Basswood flowers, fruits and wood have been used in herbal remedies for thousands of years, for the treatment of a variety of ailments. At one time, flowers were even added to baths to aid in the treatment of hysteria (presumably that of women.)
Because of the large amount of nectar yielded by the flowers, the tree is a particular favorite of bees, who produce a high quality honey. Tilia americana is one of three flowering trees important as a nectar source for bees—the others are the Yellow poplar and the Black locust. As a single source for nectar, basswood rivals clover, thistle and milkweed, providing the bees enough to produce 800-1,100 pounds of honey per acre. Bees are hard to contain, but bee-keepers move hives into the vicinity of sources that are just coming into bloom, and if 80% of the content of a particular honey can be shown to be from one source, it can be considered a monofloral honey, which is more highly valued than honey from mixed sources.
The power of honey to heal was recognized in ancient times—by the Egyptians, who used it both internally and externally to soothe burns and cuts, and to aid the healing of wounds and infections; as well as by practitioners of the traditional Hindu system of healing, Ayurveda. They believed that honey would create balance in all the bodily systems.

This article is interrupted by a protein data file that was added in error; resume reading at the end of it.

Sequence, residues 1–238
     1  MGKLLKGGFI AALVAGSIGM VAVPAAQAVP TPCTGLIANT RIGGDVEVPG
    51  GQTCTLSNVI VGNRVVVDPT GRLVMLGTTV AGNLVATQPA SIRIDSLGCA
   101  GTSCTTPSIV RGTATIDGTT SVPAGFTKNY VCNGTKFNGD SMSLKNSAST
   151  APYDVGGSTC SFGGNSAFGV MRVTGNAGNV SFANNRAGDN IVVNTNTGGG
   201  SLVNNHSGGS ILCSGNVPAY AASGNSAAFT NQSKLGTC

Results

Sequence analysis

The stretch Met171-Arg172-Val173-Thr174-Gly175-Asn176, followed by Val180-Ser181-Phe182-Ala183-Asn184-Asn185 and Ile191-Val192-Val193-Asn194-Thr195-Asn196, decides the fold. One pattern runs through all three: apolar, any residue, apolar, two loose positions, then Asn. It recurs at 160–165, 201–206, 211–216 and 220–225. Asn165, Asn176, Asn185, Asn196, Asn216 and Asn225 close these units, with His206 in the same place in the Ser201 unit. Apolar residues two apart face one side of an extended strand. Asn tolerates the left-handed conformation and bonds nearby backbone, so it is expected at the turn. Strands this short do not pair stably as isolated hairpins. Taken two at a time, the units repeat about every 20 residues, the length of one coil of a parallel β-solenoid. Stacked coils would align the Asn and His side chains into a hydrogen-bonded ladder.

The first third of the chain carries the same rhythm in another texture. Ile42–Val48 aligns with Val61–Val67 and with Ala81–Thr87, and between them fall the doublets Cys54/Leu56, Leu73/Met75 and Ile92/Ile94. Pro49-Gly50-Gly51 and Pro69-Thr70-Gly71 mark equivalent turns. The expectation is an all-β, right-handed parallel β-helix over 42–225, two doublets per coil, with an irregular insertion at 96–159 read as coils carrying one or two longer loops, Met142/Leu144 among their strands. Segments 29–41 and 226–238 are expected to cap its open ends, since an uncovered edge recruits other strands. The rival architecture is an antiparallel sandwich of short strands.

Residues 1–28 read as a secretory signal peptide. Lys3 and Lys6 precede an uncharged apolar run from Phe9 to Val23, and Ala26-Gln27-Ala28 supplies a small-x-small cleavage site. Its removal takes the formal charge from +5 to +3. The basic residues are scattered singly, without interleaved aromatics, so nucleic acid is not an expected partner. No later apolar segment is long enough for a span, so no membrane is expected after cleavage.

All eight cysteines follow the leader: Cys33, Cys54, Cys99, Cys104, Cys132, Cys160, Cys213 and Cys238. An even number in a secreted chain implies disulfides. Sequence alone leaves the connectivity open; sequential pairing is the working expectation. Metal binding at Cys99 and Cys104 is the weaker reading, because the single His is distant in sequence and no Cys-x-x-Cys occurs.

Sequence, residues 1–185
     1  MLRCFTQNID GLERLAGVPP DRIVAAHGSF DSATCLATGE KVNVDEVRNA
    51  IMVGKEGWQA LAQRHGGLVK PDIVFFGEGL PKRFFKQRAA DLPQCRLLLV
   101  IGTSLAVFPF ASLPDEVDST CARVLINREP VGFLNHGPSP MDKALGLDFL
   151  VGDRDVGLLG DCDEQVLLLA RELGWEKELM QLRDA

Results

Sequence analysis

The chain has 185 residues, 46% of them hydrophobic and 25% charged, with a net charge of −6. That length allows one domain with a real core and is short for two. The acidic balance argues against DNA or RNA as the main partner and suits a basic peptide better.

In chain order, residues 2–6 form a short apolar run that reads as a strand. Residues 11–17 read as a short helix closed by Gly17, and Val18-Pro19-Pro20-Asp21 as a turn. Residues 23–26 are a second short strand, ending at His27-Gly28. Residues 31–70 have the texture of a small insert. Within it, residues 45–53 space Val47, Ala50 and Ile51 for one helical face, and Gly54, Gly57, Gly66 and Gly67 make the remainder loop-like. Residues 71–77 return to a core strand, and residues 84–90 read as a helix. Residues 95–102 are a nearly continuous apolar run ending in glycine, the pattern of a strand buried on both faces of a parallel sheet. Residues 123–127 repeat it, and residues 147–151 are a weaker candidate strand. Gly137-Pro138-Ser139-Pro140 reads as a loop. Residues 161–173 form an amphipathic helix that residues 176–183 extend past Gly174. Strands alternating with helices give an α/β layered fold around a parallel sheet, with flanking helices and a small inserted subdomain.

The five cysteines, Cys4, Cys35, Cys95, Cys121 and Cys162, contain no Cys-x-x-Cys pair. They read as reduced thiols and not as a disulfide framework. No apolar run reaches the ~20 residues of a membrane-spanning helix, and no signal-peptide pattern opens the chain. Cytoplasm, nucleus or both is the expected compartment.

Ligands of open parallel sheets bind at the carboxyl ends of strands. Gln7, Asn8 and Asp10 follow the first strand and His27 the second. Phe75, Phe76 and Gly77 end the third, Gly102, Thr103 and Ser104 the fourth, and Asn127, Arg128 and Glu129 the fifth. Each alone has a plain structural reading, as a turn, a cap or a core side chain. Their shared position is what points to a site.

Some of the ailments that have been successfully treated include: burns and open wounds, diabetic ulcers (topical), migraines, insomnia, hyperactivity, anemia, osteoporosis, colds, fevers, sore throat, eczema, acne, inflammation of the gastrointestinal tract, indigestion, laryngitis, and asthma, to name just some. The only conditions in which honey is contraindicated are diabetes (internal consumption) and those who are suffering from acute heart failure or pulmonary hemorrhage.
Raw, unpasturised, organic honey has been proven to have antiseptic, anti-inflammatory and anti-fungal properties that do indeed help heal wounds. Many believe that the therapeutic possibilities of honey should be investigated further; however, as honey, being an organic product, cannot be patented, studies may be few, so it is up to individuals to experiment with simple remedies, using common sense, or with the guidance of non-traditional healers.